A few weeks ago, my school’s A Capella choir, which I am in, was asked to go and sing at Hospice.

For those who do not know, Hospice is a home providing care for the sick, especially the terminally ill.

Yesterday was the day to sing so we stayed after school so we could all get there together. When we arrived, the workers told us the four locations we would sing at, hallways to the rooms.

The first location

We sang two carols to start off at this location. The room doors were all shut and no one came out except the nurses. When we sang the third song, Fum Fum Fantasy, a crowd of the caretakers and families of the ill gathered around us. Some were recording.

The second location

We started off with a carol for this one as well, one that was a request from a patient, O Holy Night. This patient was one who the school knows. We were not allowed to sing in rooms though, so we stayed in the hallway.

I was standing by a different patient’s room door for this location. Halfway through the song, a caretaker had gone running into her room. When we finished O Holy Night, the caretaker came out and said that the patient wanted him to tell us we sound beautiful. She thought the angels had come to get her. Before the next song, Have Yourself a Merry Little Christmas, I glanced into the patient’s room and she was leaning forward as far as she could. She smiled and waved at me; I waved back. We sang another carol afterwards, which I glanced in her room during. She was leaning back on the bed with her eyes closed. I was incredibly worried because the caretaker ran into her room again.

After the carol, we were supposed to move to the third location. The choir decided to sing Masters in this Hall while walking down the long hallway. When we were about to start singing when the patient who’s door that I was in front of came out in a wheelchair with the caretaker pushing her. He pushed it up to me and the patient gave me a hug. She was crying and said, “Thank you for singing.” I hugged her back.

The third location

The third location was similar to the first. We sang Bidi Bom for the first song, no one came out. One patient’s room even shut the door. We sang one carol and White Christmas as well but no one was even in the hallway except the people who sit at the desks. They thanked us for coming.

The fourth location

This location only had two rooms. One’s door was shut, the other’s was open. We were singing Rockin’ Around the Christmas Tree when the other door opened and a little girl stepped out. Her parents and an elder came out as well. Because the little girl was dancing, my choir director said we should sing Fum Fum Fantasy again. Lastly, we sang O Come, O Come, Emmanuel. We were discussing what to sing while we were leaving when a family member of the other patient came out and told us we had a request to sing O Holy Night. We gathered around this patient’s door and sang the first verse of the song. We were sincerly thanked by the family. We sang Angels We Have Heard on High as we were leaving Hospice.


As we were leaving myself and some other’s started crying, the choir director too. When we got on the bus, the director told us to listen.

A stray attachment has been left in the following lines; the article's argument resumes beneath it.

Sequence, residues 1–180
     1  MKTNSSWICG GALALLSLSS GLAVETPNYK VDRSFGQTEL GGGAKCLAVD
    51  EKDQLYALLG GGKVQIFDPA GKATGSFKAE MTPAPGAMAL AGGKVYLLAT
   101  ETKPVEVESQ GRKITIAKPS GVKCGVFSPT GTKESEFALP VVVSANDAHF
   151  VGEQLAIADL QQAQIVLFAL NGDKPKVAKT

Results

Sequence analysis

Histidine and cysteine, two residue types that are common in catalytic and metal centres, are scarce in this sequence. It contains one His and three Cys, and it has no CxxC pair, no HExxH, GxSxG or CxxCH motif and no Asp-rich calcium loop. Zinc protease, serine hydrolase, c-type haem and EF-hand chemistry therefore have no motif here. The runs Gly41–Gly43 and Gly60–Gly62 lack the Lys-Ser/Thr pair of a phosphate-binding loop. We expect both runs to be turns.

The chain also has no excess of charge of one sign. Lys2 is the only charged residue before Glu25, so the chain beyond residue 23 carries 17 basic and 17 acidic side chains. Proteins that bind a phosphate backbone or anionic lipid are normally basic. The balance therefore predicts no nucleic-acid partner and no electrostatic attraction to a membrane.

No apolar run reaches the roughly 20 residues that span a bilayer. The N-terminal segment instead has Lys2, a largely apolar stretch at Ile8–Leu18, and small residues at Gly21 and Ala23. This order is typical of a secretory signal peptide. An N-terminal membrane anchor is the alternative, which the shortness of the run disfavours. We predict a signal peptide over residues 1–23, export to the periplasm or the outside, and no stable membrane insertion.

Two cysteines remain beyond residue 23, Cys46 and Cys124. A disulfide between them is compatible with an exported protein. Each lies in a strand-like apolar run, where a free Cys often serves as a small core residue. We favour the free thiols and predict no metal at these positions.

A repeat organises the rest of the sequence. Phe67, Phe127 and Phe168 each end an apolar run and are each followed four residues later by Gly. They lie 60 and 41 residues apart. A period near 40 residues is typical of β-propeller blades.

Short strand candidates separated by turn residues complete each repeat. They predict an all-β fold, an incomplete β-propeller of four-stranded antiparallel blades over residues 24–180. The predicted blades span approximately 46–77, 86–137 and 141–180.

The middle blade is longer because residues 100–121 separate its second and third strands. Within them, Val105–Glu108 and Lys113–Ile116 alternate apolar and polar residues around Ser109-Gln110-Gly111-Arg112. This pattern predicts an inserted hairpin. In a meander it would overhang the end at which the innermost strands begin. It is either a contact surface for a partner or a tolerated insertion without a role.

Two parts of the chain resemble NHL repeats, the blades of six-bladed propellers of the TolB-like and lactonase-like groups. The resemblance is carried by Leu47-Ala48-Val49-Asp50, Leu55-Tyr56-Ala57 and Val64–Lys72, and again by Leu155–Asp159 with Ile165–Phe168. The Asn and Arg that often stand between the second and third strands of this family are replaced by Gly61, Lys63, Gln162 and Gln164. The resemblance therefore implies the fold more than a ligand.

“While you guys were upstairs, I was told that the last patient we sang to was not going to live to see the next day. That family has been through a lot and were looking forward to us coming. They are so incredibly happy you gave that woman the most beautiful last moments. I am so pround of you guys for coming on this trip. I hope you will remember what we experienced her today.”

I silently cried the whole way home.

My family and Hospice

My grandfather was put in Hospice as well, though a different section. I remember visiting him every day and my last moments with him. I remember my sadness, the fact that I couldn’t do anything to help him. He passed away December 16, 2014.

I wish to be able to help hose who need it through music. I want people to hear my music and let their emotions out. 

I will never forget this experience.

  1. delane 5 years ago

    ***hugs*** i’m proud of you for going and finishing it, too. This type of community service is a rarity, in this day and age, but it can and does mean sooooooooooooo much to those it touches. It doesn’t take a whole lot of effort, actually, but the effects can be enormous! i’m glad you got to experience this and you’re probably right: most likely you won’t ever forget it! Good job!!!

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    • Author
      hatamig 5 years ago

      I completely agree with you. It means so much to have someone say or show that they care. I wish more people and community groups would do this kind of services. This was an eyeopening experience and it tore at my heart strings.
      Thank you very much for your response!

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  2. Author
    hatamig 5 years ago

    I am very sorry for your loss. It’s painful to lose your mother and therefore my heart aches for you. You gave her wonderful last moments, and I’m sure she appreciates everything you did for her. Knowing you were there for her and thinking of her set her free. Thank you very much for saying so. I hope that we helped bring happiness to those who were under Hospice care that day.

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